‘Codon’ Compiles Python to Native Machine Code That’s Even Faster Than C
Typical speedups over Python are on the order of 10-100x or more, on a single thread. Codon’s performance is typically on par with (and sometimes better than) that of C/C++. Unlike Python, Codon supports native multithreading, which can lead to speedups many times higher still.
Its development team includes researchers from MIT’s Computer Science and Artificial Intelligence lab, according to this announcement from MIT shared by long-time Slashdot user Futurepower(R):
The compiler lets developers create new domain-specific languages (DSLs) within Python — which is typically orders of magnitude slower than languages like C or C++ — while still getting the performance benefits of those other languages. “We realized that people don’t necessarily want to learn a new language, or a new tool, especially those who are nontechnical. So we thought, let’s take Python syntax, semantics, and libraries and incorporate them into a new system built from the ground up,” says Ariya Shajii SM ’18, PhD ’21, lead author on a new paper about the team’s new system, Codon. “The user simply writes Python like they’re used to, without having to worry about data types or performance, which we handle automatically — and the result is that their code runs 10 to 100 times faster than regular Python. Codon is already being used commercially in fields like quantitative finance, bioinformatics, and deep learning.”
The team put Codon through some rigorous testing, and it punched above its weight. Specifically, they took roughly 10 commonly used genomics applications written in Python and compiled them using Codon, and achieved five to 10 times speedups over the original hand-optimized implementations…. The Codon platform also has a parallel backend that lets users write Python code that can be explicitly compiled for GPUs or multiple cores, tasks which have traditionally required low-level programming expertise…. Part of the innovation with Codon is that the tool does type checking before running the program. That lets the compiler convert the code to native machine code, which avoids all of the overhead that Python has in dealing with data types at runtime.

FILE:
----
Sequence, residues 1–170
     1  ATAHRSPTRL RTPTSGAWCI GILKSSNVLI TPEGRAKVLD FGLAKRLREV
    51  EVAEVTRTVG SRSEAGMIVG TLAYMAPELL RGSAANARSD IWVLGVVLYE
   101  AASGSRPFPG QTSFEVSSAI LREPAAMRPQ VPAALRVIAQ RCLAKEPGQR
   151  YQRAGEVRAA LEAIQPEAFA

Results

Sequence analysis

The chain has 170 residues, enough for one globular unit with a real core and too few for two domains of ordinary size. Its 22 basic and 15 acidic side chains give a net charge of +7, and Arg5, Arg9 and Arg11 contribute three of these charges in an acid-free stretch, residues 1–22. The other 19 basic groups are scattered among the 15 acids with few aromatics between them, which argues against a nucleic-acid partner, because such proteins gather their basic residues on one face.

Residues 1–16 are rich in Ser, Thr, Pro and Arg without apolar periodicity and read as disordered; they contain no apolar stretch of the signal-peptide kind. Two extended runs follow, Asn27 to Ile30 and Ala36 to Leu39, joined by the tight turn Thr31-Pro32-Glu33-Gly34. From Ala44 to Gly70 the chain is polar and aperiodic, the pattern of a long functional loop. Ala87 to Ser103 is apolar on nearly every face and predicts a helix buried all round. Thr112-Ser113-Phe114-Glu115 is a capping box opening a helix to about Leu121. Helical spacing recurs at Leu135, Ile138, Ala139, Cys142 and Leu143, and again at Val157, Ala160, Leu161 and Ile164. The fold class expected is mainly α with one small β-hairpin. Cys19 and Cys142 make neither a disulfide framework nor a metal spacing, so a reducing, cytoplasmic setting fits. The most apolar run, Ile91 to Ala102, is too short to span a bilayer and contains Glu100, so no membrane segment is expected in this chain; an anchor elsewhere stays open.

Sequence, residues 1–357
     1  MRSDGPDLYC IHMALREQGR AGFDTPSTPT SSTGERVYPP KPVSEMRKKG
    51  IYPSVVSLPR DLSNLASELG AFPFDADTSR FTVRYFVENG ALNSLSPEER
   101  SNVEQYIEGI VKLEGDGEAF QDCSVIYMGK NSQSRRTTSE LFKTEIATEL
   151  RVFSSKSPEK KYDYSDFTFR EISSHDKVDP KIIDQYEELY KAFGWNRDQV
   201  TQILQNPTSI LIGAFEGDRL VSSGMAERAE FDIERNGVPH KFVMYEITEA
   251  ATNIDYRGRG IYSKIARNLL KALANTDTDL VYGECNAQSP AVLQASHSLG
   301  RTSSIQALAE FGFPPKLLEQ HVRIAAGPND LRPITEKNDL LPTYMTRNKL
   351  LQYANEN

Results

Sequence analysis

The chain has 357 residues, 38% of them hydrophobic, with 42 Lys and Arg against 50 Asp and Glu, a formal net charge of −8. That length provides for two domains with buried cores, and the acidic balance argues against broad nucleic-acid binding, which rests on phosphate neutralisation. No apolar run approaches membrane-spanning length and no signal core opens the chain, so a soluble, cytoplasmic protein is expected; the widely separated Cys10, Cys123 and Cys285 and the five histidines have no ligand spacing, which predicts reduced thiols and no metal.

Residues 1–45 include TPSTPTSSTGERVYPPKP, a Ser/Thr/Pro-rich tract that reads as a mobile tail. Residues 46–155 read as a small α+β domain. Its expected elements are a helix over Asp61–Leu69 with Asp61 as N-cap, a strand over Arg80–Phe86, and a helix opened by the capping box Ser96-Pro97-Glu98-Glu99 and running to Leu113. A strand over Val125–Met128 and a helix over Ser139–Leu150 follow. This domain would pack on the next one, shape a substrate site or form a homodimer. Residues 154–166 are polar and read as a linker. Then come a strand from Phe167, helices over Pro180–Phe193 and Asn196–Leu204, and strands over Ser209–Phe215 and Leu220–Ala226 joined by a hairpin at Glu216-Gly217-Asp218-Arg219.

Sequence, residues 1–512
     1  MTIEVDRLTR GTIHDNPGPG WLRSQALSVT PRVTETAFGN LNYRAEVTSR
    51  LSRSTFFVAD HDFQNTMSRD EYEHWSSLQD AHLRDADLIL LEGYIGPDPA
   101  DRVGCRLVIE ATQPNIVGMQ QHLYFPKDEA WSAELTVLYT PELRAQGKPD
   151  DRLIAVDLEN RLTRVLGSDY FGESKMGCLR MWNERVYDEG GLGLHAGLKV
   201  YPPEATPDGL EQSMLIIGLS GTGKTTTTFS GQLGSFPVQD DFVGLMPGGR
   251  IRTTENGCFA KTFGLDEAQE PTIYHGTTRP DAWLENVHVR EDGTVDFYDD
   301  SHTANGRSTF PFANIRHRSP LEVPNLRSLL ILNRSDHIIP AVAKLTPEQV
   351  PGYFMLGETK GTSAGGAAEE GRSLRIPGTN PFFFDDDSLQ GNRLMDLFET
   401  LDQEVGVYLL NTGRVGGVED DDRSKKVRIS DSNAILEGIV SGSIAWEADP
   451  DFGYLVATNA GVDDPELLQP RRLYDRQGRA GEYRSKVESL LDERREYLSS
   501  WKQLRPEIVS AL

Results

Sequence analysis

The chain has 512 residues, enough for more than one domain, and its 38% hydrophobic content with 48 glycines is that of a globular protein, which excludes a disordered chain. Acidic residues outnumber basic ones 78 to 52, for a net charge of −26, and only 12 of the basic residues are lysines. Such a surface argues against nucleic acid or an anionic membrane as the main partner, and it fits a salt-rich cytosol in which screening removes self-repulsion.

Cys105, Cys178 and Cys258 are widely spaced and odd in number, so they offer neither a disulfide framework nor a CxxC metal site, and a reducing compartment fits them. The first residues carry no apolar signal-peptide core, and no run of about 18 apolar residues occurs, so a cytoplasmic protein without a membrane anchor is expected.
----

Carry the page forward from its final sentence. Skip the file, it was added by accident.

“Python is the language of choice for domain experts that are not programming experts. If they write a program that gets popular, and many people start using it and run larger and larger datasets, then the lack of performance of Python becomes a critical barrier to success,” says Saman Amarasinghe, MIT professor of electrical engineering and computer science and CSAIL principal investigator. “Instead of needing to rewrite the program using a C-implemented library like NumPy or totally rewrite in a language like C, Codon can use the same Python implementation and give the same performance you’ll get by rewriting in C. Thus, I believe Codon is the easiest path forward for successful Python applications that have hit a limit due to lack of performance.”
The other piece of the puzzle is the optimizations in the compiler. Working with the genomics plugin, for example, will perform its own set of optimizations that are specific to that computing domain, which involves working with genomic sequences and other biological data, for example. The result is an executable file that runs at the speed of C or C++, or even faster once domain-specific optimizations are applied.
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